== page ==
Last Sunday Jayee and I took part in the annual Terry Fox Run, a day to raise funds for cancer research, think of loved ones currently living with cancer, and remember those who have succumbed to the disease, including the incredible Canadian for whom the event is named. I had noted the date of this year’s run on my calendar months ago, before I had my surgery, as a target date. The hope was that by September 15th, I would have my ostomy reversed, my pelvic pouch would be up and running, and that I could take part in the Terry Fox Run, although I didn’t plan on actually running. Of course, if you’ve been following this blog, you’ll know that the surgery was shit, the recovery has been shit, and my right now my body is pretty much… shit.
When I flipped my calendar to September at the beginning of this month, I looked at “Terry Fox Run” written in the square for Sunday, September 15, and marked a blue X over the words. At the time, I didn’t feel like taking part. Largely because I remembered last year’s run, and the fact that I did indeed run all 10 kilometres. Jayee took the photo above at last year’s run. This time last year, I was beginning to slide into a colitis flare-up, but I managed to run the 10 K course through Etobicoke’s West Deane Park. It felt wonderful to finish the run in my Arsenal shirt and Nike Lunaracers. Reflecting on the 2012 run highlighted just how much my body has deteriorated in the last year. I didn’t want to take part as a skinnier shadow of my former self. But then, as she often does, Jayee stepped in and pulled me out of doldrums. After being a spectator and photographer in 2012, Jayee wanted to take a more active role in this year’s run. So, we agreed to walk. Together.
From the start/finish line in the middle of the park, we walked towards the north end, past the baseball diamonds and a ReMax balloon set up to give people short rides above the fields. We walked along the winding asphalt path until it ended at a water station and a rock with the words “Terry Fox Run Turnaround” inscribed in it. Jayee and I discussed the problem of plastic cups actually being difficult to recycle and whether organizers should encourage people to bring their own reusable water bottles next year. We did an about face and headed back to the middle of the park, passed the start/finish line, and headed for the south end. We had completed about 4 km at that point.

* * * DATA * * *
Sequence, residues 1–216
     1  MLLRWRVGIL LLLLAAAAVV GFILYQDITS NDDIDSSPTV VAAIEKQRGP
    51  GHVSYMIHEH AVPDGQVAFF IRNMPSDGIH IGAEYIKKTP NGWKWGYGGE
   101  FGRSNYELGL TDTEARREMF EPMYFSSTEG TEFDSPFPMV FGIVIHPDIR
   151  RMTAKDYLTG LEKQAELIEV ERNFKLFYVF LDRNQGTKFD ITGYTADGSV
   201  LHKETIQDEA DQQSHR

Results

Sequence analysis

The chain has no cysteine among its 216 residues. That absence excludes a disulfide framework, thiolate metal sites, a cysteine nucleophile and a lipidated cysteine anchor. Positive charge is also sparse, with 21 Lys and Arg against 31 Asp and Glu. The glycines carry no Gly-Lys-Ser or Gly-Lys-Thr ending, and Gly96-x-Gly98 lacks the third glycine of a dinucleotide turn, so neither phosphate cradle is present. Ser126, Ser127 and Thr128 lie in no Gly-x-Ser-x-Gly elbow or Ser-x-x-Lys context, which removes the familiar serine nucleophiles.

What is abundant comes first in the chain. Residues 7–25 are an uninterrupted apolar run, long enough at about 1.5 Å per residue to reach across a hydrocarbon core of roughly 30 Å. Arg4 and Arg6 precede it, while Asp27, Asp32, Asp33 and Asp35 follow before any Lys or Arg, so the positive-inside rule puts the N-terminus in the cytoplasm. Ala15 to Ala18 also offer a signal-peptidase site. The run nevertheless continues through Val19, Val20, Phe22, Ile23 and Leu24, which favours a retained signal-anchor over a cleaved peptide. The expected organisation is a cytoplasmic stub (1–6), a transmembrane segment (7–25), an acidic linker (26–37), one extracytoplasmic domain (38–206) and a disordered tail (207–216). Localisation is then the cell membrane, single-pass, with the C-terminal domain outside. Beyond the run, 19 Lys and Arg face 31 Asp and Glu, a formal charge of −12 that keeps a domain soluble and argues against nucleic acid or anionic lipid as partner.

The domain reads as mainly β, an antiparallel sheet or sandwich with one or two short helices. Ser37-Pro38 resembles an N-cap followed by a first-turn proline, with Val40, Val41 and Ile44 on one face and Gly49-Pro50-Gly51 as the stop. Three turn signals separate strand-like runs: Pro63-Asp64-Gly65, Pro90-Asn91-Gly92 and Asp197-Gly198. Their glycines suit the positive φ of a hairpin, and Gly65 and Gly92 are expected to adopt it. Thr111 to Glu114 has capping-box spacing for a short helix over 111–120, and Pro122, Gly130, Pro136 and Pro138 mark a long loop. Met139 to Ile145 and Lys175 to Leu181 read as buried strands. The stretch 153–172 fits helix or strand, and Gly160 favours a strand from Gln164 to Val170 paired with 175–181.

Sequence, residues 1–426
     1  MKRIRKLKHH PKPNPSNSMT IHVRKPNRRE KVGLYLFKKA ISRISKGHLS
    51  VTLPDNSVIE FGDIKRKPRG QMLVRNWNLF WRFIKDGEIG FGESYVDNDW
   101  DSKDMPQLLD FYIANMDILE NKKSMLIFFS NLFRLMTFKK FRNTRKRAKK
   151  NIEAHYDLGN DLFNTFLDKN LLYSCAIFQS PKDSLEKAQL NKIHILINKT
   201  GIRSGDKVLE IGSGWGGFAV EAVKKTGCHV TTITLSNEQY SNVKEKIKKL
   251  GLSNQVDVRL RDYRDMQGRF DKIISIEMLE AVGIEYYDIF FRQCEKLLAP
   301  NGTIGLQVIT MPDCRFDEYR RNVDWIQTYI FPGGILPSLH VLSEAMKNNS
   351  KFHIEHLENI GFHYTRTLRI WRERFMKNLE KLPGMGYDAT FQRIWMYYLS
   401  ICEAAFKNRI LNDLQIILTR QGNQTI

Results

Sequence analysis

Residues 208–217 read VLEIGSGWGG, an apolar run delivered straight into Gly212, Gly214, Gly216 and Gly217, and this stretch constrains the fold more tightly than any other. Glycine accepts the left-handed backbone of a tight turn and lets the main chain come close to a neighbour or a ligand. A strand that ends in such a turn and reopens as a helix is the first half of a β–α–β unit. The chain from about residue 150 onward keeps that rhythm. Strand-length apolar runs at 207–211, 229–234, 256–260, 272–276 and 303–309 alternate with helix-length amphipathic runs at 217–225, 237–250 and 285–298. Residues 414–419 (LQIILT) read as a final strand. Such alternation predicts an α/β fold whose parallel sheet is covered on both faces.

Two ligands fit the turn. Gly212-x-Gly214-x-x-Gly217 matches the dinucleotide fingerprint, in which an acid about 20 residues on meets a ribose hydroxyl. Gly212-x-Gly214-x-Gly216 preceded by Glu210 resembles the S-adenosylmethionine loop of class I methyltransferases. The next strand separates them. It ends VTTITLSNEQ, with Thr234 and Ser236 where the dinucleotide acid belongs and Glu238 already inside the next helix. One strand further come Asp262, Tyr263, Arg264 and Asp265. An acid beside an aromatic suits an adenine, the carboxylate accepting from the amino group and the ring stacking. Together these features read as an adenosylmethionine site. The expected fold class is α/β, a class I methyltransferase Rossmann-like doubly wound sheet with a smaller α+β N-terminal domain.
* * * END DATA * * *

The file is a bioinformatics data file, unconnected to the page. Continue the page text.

We followed the path that ran alongside a still creek. Other participants waved as they walked past us in the opposite direction. We passed under a bridge and discussed the merits of graffiti, some of which was scrawled on the walls beneath the bridge.
“Some of it can be really aesthetically pleasing, like in a lot of the back alleys on Queen Street,” I said.
“Yeah, but it’s being painted on someone’s property, maybe without their consent. Like, I wouldn’t want someone just painting on the back wall of my business,” Jayee replied.
“That’s fair. I remember in Halifax there was a public wall specifically made for graffiti artists to paint on.”
“See, that’s a good idea. A lot of these people are creative, and they should have some kind of legal outlet for their creativity.”
“But as creative as some of these people are, there are plenty of losers who just like to paint the word penis somewhere and be like, oh look what I did!”
We reached the south end of the park, another water station, and another stone marker instructing us to turn around. We started back towards the middle of the park. As we walked down a slope, a fit young woman who clearly detested sports bras ran up the hill.
“Stop checking out her breasts,” Jayee said.
“I wasn’t… I… it’s just that…they were… sorry.”
The path wound back towards the start/finish line. We made it 7 km, then 8, then we took a little break and Jayee used the bathroom. My ostomy had been surprisingly cooperative throughout the walk, so I didn’t need the facilities. We kept on walking, past the 9 km mark. As we closed in on the finish line, Jayee asked, “Do you want to run?”
“Yes, but very slowly,” I said.
We jogged the final few metres as lightly as possible, crossed the finish line, and hugged each other. I had to wear an ostomy bag, I had to wear an abscess drainage bag, I had to wear a wound dressing, and I had to walk, but Jayee and I finished the whole damn course.
As selfish as this sounds, ever since I received my ulcerative colitis diagnosis in 2008, the Terry Fox Run has been more about IBD than cancer for me. That’s not to say I don’t think about people affected by cancer. While I was walking, I thought about a friend of mine in Halifax who continues to endure treatment for ovarian cancer. I wish her nothing but the best. But the Terry Fox Run has become an annual opportunity to prove to myself that despite my disease I can still finish a 10 K, just as I did before my diagnosis. I’ve had to miss a couple of Terry Fox Runs because of UC flare-ups, and I almost missed this year’s event because of my surgical complications. I’m glad Jayee convinced me to take part. I really hope that we can run next year. Together.